Nearly three weeks into a spate of soggy weather dumping rain on par with a tropical storm, forecasters said there may be an end in sight — kind of.
"Looks like slow improvement," said Ernie Jillson, a meteorologist with the National Weather Service. "By Tuesday, we should see it coming back to typical summertime activity, but that could still give you a 50 to 60 percent chance of rain each day."
And with the ground saturated, and parts of South Tampa and other parts of the region spending time under water, Jillson said it may take awhile to recover from the deluge.
Rivers flooded and roads were closed for parts of the weekend. Homes were evacuated and manhole covers popped open from the water pressure underneath them. The Gandy Bridge and the Sunshine Skyway were blocked off or restricted for stretches of Friday through Sunday.
Rain has been recorded at Tampa International Airport for every one of the past 18 days.
Chris Brown, an employee of Gandy Bait and Tackle, said the culvert behind the store flowed like rapids Saturday night. He spent his evening chasing fish down Gandy Boulevard.
"You heard the story of Noah's ark," he said. "There was probably a good 8 feet of water, 10 feet of water in that ditch last night."
Some areas have gotten more than 20 inches of rain overall, Jillson said.
"Normally when we see this kind of weather, those kind of totals, we're talking about a tropical cyclone," he said.
Behind the unusual weather, Jillson said, is a weak frontal boundary that moved south to the upper Gulf Coast.
"That has pushed our ridge of high pressure that gives us our normal summertime weather well to the south," he said, putting the Tampa Bay region between two pressure systems, the target of a very wet flow of rain coming from the southwest.
On Sunday afternoon, as more storms approached, forecasters said it would be at least 24 hours before the area dried up.
"It is extremely rare for us to get this much rain over such a large area so quickly," said WTSP 10Weather meteorologist Ashley Batey.
With its sandy soil, Florida can handle rain. The problem lies in poor drainage areas such as South Tampa, where kayakers paddled down a flooded Dale Mabry Highway. By Sunday afternoon, South Tampa had tallied 8 inches of rain in 24 hours and was awaiting more, Batey said.
Other hard-hit areas in Tampa included Bayshore, Gandy and Kennedy boulevards.
Slick roads, sinkholes, downed power lines and blocked lanes meant trouble for drivers. A 59-year-old man from Apollo Beach died Saturday after losing control of his car during a rainstorm, the Hillsborough County Sheriff's Office said.
Bridges also were susceptible to the inclement weather. Sgt. Steve Gaskins of the Florida Highway Patrol reported that wind gusts up to 50 mph closed the Sunshine Skyway to high-profile vehicles for several hours Sunday morning. The Gandy Bridge was closed Saturday night and again Sunday morning due to flooding on the Tampa approach.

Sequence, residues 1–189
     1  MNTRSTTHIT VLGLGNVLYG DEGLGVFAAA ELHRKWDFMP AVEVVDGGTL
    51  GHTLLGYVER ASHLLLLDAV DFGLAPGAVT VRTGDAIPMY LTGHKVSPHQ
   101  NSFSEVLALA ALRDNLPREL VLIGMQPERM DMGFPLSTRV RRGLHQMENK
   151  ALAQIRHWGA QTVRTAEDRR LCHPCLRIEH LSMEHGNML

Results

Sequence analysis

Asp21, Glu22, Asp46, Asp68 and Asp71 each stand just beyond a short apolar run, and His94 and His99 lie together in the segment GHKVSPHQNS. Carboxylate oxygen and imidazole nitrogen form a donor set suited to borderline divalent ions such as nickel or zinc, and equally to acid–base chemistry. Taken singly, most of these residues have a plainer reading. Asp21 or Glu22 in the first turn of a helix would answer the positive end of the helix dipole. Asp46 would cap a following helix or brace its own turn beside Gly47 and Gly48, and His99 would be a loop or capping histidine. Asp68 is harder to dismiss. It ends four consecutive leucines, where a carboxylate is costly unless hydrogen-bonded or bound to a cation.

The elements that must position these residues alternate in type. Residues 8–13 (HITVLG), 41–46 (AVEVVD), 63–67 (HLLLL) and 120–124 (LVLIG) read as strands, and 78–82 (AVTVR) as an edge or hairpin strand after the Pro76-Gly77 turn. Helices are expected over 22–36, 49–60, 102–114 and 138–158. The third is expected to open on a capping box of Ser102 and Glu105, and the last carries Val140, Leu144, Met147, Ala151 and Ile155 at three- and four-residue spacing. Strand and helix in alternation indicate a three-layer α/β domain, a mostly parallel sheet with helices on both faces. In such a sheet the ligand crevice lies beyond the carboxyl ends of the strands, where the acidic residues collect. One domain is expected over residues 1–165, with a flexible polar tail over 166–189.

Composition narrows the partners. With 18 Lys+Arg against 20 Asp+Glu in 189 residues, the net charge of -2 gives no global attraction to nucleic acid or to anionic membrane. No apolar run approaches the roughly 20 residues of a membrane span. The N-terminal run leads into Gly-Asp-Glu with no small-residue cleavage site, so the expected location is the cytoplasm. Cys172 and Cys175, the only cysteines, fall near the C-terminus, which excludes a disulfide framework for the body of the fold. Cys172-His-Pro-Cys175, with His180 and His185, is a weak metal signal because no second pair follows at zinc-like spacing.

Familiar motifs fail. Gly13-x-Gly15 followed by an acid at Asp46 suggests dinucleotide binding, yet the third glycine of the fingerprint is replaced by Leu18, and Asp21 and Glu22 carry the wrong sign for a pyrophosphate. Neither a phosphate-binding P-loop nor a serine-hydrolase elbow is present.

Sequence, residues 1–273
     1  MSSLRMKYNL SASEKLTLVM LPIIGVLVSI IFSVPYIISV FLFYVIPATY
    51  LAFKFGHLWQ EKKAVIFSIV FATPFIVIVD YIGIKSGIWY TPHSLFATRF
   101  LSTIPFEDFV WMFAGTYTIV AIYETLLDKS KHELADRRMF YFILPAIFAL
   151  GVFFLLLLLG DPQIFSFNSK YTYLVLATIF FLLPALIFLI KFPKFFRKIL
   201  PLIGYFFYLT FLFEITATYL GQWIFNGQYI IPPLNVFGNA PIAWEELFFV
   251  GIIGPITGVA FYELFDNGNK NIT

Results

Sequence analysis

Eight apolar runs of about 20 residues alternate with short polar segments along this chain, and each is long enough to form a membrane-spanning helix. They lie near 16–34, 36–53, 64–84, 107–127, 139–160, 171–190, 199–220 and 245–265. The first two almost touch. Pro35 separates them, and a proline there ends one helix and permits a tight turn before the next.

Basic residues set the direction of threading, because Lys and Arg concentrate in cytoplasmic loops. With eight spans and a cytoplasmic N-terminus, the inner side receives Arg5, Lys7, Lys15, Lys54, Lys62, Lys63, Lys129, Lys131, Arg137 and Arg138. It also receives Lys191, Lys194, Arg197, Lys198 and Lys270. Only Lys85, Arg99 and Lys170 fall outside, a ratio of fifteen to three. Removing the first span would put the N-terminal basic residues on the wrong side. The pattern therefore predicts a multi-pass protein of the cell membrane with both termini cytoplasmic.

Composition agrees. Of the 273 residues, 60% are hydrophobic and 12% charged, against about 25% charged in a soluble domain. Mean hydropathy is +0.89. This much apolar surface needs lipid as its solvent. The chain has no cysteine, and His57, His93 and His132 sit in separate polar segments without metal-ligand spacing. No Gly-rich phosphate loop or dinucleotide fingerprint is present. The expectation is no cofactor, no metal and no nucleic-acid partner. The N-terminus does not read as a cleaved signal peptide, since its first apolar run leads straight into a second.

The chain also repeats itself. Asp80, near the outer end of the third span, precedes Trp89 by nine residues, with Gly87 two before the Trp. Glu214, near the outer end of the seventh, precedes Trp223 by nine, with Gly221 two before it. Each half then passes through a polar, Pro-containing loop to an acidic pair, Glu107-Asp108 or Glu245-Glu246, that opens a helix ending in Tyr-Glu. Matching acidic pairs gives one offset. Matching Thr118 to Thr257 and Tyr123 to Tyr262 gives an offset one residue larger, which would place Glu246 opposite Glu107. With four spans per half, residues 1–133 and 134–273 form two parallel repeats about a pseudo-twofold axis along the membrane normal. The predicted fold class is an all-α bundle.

As Tampa's high tide approached in the afternoon, residents picked up more than 4,000 sandbags.
The entrance to the Homes of Regency Cove, on Gandy Boulevard in Tampa, caved in under pressure from the flood water, pulling a tractor into a culvert.
The neighborhood's homeowners association president Ron Jeffries said this kind of deluge was uncommon.
"We've had the hurricanes close by, and we've had the flooding, but we've never had something like this," Jeffries said. "It's a dangerous situation."
In a news conference there, Tampa Mayor Bob Buckhorn said the wastewater system passes 60 million gallons on a normal day. During the record rainfall, however, that number became 155 million gallons.
Wastewater pumping stations across Tampa overflowed, prompting the city to remind residents that standing floodwater contains insects, animals and sewage.
Buckhorn blamed the antiquated drainage system for mass flooding and urged the City Council to invest in upgrades.
Near the Sponge Docks in Tarpon Springs, 21 consecutive days of rain and the afternoon high tide caused the Tarpon Bayou to breach its seawall. Dodecanese Boulevard flooded with several feet of water.
George Hondros, a restaurant manager at Dimitri's on the Water, said business has declined 80 percent because of the heavy rain and swamped streets.
The water rose more than a foot deep on the sidewalk, seeping into the restaurant. A rug in the entrance of the restaurant was waterlogged, and the wood on the front door chipped away from water damage.
Hondros said he won't bother repairing the wood quite yet.
"It's going to happen again tomorrow," he said.
Voula Papadopoulos, who lives nearby on Riverside Drive, said 2 inches of water flooded her living room this week, and that the plants in her yard are dying from excessive water. Every passing car brings a new wave.
"It's a lake," she said.
Jillson said the rain does have an upside: aquifer replenishment.
"It never hurts to have a little extra rain outside of those areas that don't rain well," he said.
He said once the rainy activity moves north, the region "should return to normal pretty quickly."
Normal, though, doesn't mean an end to the rain.
Contact Claire McNeill at firstname.lastname@example.org or (727) 893-8321.